Once an instructor or tutor has gone through this “thought change,” there are some hands-on applications that can be employed to help students with LD in the classroom. In fact, according to Brenda Brueggemann et. al., in their article, “Becoming Visible: Lessons in Disability,” oral transcription and expression seems to be a fair theoretical approach for those who struggle with writing. This also seems to be a typical accommodation for students at the post-secondary level. One strategy with clients with a language processing difficulty in the writing center is type for them, while they dictate what they want to convey. In Learning Re-Abled: The Learning Disability Controversy and Composition Studies, Patricia A. Dunn also expresses the need for “more explicit or multisensory instruction” for students with learning disabilities. (64). Color coding writing assignments also seems to be useful for adapting assignments for students with LD because you are reinforcing them more than one way and is an example of using multisensory assignments, especially if you pair it with something tangible, like colored notecards. Dunn expands on these methods of multi-sensory approaches by discussing techniques that elementary school teachers have used to help their students learn to read and spell, because there is even less scholarship available about teaching methods at the collegiate level for LD students, and because their condition still needs to be validated (Dunn 76). These strategies can be adapted to a tutoring session with some creativity. For example, teaching transitional phrases or points by color-coding them can reinforce an important element in any composition piece. Kathleen D. De Mars, in her article, “The Brain within Its Groove: Language and Struggling Students,” suggests adaptive technology to help those with disabilities achieve independence with literacy and writing. 

When I was tutoring the student with Asperger’s, I decided that before I even started to help him with the content of his paper, we needed to outline the argument and progression of his paper to form a cohesive structure. It may seem too simplistic and instinctual to suggest an outline to clients with a learning disability, because that should be the first step for any writer. However, outlines are extremely effective for clients with Asperger’s or ADHD, because it allows the content to be organized in a basic way that is not distracting by being visually chaotic.  One of the strategies that I insist upon is the color-coding technique. In fact, with this client’s research, we highlighted the important aspects in his research with different colors depending on the parts of the outline. Just by employing these strategies, he became less stressed and we were able to work through his paper.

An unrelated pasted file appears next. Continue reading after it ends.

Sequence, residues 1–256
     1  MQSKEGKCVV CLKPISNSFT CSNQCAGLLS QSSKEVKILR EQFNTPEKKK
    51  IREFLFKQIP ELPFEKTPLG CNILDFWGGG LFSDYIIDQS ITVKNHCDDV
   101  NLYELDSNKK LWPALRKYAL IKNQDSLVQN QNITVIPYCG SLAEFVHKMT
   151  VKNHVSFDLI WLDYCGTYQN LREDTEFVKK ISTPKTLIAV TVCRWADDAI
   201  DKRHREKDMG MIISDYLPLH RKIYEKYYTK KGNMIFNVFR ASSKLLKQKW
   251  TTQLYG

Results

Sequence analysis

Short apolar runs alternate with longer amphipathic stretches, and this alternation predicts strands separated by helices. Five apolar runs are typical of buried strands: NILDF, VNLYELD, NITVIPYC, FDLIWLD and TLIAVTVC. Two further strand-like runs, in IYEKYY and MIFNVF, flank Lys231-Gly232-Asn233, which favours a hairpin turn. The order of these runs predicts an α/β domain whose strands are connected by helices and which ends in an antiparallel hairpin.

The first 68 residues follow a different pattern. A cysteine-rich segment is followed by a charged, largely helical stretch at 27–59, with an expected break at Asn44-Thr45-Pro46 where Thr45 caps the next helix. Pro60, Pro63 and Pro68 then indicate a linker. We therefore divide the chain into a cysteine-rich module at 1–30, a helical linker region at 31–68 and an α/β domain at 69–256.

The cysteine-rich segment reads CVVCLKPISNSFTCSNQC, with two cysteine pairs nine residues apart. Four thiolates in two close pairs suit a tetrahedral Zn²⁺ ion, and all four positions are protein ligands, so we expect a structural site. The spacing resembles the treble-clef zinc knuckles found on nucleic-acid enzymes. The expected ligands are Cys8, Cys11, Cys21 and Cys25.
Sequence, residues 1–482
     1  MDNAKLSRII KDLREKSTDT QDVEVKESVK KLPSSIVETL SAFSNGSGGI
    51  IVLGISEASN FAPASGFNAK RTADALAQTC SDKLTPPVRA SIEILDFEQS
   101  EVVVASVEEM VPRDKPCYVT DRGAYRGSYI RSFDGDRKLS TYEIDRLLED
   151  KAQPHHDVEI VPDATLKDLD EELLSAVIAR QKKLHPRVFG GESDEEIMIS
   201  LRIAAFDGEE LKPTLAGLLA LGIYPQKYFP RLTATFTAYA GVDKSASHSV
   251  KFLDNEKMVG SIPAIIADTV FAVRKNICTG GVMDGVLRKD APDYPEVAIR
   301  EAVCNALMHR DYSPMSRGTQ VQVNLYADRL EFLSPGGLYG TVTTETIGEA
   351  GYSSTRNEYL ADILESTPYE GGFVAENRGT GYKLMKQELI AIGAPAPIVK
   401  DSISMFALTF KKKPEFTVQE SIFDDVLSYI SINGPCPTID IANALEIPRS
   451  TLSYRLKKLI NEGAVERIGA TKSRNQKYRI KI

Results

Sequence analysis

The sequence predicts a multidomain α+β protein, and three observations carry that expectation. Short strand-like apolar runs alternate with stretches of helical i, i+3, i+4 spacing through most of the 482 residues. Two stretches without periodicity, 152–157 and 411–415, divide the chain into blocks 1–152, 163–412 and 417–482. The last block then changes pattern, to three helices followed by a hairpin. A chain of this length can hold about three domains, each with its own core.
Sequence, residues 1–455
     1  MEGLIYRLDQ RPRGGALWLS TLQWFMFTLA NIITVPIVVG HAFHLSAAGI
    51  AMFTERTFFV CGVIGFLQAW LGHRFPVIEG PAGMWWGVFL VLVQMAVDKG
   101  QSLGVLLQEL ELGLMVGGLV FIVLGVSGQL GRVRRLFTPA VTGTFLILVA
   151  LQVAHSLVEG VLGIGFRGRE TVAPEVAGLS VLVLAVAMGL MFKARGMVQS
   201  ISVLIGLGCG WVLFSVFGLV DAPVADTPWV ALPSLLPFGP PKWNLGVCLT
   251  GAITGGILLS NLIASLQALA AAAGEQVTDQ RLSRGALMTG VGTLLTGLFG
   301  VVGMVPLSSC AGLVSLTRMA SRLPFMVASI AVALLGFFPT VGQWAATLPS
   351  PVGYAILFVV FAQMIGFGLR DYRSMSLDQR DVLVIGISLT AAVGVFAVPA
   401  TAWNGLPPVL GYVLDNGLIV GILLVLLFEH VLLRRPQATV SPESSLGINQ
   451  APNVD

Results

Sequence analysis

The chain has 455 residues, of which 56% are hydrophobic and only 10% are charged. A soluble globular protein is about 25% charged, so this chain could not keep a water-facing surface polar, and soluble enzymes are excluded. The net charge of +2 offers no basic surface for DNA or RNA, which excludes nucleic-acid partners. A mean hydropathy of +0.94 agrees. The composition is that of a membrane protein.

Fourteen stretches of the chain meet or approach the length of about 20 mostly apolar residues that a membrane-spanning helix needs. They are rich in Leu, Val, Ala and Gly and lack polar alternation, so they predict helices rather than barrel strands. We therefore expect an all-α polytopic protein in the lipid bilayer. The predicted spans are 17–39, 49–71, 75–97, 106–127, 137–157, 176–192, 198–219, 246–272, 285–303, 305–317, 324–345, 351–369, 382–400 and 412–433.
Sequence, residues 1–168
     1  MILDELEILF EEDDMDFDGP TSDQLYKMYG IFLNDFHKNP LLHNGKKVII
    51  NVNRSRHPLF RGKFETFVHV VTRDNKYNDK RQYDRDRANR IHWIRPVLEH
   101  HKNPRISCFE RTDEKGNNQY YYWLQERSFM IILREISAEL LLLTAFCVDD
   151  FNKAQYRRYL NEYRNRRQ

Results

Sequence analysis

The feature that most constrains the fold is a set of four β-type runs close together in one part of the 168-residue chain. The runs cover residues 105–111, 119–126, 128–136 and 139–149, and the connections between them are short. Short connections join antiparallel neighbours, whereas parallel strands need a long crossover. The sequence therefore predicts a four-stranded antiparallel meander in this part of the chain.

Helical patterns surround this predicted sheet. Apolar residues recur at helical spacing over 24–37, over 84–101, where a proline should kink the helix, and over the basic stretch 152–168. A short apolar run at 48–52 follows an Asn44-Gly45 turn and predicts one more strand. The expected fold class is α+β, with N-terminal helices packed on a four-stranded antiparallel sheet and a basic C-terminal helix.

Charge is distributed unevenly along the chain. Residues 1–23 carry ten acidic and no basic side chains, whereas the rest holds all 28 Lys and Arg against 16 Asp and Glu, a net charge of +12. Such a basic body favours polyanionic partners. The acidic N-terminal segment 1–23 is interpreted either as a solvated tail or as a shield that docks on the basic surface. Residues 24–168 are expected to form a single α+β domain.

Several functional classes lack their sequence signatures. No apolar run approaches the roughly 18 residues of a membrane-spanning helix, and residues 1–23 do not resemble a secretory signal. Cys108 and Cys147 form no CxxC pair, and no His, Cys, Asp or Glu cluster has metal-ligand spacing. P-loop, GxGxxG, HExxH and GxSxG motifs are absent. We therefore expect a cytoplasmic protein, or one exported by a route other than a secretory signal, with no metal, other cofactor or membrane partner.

As tutors, it is our responsibility to allow clients the opportunity to express themselves properly. As people passionate about English, we value the human experience, so it is important to let our practice reflect all aspects of the human experience, even those that do not seem typical or normal. We must encourage students of all abilities by encouraging them to express themselves in all sorts of mediums. Only then can we have a complete portrait of the human experience. 

Works Cited

Barber-Fendley, Kimber, and Chris Hamel. "A New Visibility: An Argument for Alternative Assistance Writing Programs for Students with Learning Disabilities." College Composition and Communication 55.3 (2004): 507. Marshall University Summon. Web. 11 Oct. 2014.

Brueggermann, Brenda J., Linda Feldmeier-White, Patricia A. Dunn, Barbara A. Heifferman, and Johnson Cheu. "Becoming Visible: Lessons in Disability." College Composition and Communication 52.3 (2001): 381. Marshall University Summon. Web. 11 Oct. 2014.

De Mars, Kathleen D. "The Brain Within Its Grove: Language and Struggling Students." National Council of Teachers of English Journals 100.2 (2010): 31-35. Web. 24 Nov. 2014.

Dunn, Patricia A. Learning Re-Abled: The Learning Disability Controversy and Composition Studies. Fort Collins, Colorado: The WAC Clearing House, 2011. Print. 

Hamel, Christine M. "Learning Disabilities in the Writing Center: Changing Our Perspective?" The Writing Lab Newsletter Apr. 2002: 1-6. Print.

Lacey, Penny. “Learning.” SAGE Key Concepts Series: Key Concepts in Learning Disabilities. Eds. Pat Talbot, Geoff Astonbury, and Tom Mason. 138-143. London: Sage UK, 2010. Print. 

Wood, Tara, Jay Dolmage, Margret Price, and Cynthia Lewiecki-Wilson. "Moving Beyond Disability 2.0 in Composition Studies." Composition Studies: Freshman English News 42.2 (2014): 147-150. Web. 1 Nov. 2014.